In winter it was cold, and we had a fire, and later a oil heater. It had three bedrooms and one bathroom, smaller than the house I live in now, although the rooms were bigger. My brothers shared one room and my mother had the master bedroom. My brothers’ room had two entrances so you could walk through from the dining room to the bathroom and Mum’s room. Houses are designed differently now and it is rare to walk through a bedroom to get to other parts of the house, but I remember other houses with similar layouts.

It had a large front verandah and a huge back yard that my brothers played cricket in. We had chooks and a succession of dogs, and a cat who lived inside with us. She used to lurk under the armchairs and pounce on my sister and me as we went past in the morning.

The house is still there, also looking a bit run down on Google’s Street View.

The last house I lived in was outside Dubbo. I don’t seem to have any pictures of it that don’t show people who may not want to be displayed here. My Mum bought a farm with her brother. He bred race horses on it, and we lived in the house. I lived there for a grand total of three months. The family moved house in November while I was doing my Higher School Certificate exams, so I stayed at a friend’s place until they were over. I was accepted into the University of Sydney and started in early March, so from then on I had my own place in Sydney and just visited Dubbo on holidays. It was a big farm house with high ceilings, bits built on to the main house, a verandah around one side, and metal kitchen cupboards.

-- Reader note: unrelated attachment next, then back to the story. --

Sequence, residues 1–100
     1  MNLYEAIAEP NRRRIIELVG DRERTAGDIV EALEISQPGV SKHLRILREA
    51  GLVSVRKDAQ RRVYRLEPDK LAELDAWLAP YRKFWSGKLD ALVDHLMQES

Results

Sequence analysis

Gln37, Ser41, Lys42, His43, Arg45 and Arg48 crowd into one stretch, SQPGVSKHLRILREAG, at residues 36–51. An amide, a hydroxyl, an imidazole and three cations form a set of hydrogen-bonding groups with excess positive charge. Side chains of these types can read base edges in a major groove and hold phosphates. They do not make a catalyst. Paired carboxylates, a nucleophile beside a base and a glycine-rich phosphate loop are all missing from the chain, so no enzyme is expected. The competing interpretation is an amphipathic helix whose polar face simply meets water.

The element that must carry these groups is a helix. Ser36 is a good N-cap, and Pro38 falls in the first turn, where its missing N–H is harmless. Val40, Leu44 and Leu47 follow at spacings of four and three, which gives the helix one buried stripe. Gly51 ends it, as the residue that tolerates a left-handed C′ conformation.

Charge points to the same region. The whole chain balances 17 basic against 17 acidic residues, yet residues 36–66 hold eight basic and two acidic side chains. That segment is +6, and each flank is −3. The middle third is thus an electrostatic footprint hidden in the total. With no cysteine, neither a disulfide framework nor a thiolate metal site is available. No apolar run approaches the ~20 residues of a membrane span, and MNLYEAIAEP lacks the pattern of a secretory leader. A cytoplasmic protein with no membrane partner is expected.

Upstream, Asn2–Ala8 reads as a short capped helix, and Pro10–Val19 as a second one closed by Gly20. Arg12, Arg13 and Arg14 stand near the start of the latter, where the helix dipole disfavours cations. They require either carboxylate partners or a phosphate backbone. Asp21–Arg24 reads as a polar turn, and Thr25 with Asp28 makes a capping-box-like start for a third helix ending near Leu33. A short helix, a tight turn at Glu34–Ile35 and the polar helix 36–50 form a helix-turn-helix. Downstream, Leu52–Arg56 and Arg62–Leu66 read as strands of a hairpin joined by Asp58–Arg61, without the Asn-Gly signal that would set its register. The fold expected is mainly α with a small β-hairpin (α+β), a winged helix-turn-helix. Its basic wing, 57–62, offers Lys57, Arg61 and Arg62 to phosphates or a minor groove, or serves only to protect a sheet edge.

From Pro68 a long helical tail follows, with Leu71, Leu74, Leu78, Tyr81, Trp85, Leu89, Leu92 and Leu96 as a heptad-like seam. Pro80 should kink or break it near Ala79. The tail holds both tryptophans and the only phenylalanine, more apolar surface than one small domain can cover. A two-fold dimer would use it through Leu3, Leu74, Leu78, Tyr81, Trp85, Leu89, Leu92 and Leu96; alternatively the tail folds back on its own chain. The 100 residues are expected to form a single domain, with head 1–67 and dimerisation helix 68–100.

Mum moved back into town a few years later. She bought my friend’s house that I had stayed in while I was doing exams. What are the odds?

52 Weeks of Personal Genealogy & History Week 3 – Cars

Week 3: Cars. What was your first car? Describe the make, model and color, but also any memories you have of the vehicle. You can also expand on this topic and describe the car(s) your parents drove and any childhood memories attached to it.

I’m going to jump straight to family cars. Here is my Mum’s car. She learned to drive after her marriage to my Dad ended and we moved back to Dubbo where her parents were. She bought the car second hand from her father. It was a Valiant, a beige Valiant station wagon. It had a bench seat in the front so we could seat three in the front when necessary. As the eldest of four I sat in the front and the other kids in the back.

Our house

The house I grew up in, with the car next to it.

My first driving lessons were in this car. It was a terrible thing, big and heavy. It had a column shift, coming out of the steering column. I ran it into a tree ( I nearly missed it!) at a very low speed and not a scratch did the car suffer.

This is the only photo I can find that has the car in it that doesn’t show people that may not want to be displayed for all to see in my blog. Some of them are in this picture too, but I’m confident that they’re privacy is secure.

I will save the commentary on the house for a future post which I’m sure will be coming over the next few months.

My grandfather had a small farm in his semi-retirement. He used to take my sister and me out there on Sundays, and we used to ride in the back of the ute. We watched farming stuff going on – sheep being dipped and so on. We got our cat from a litter of kittens on the farm. Here we are disembarking after one of these trips: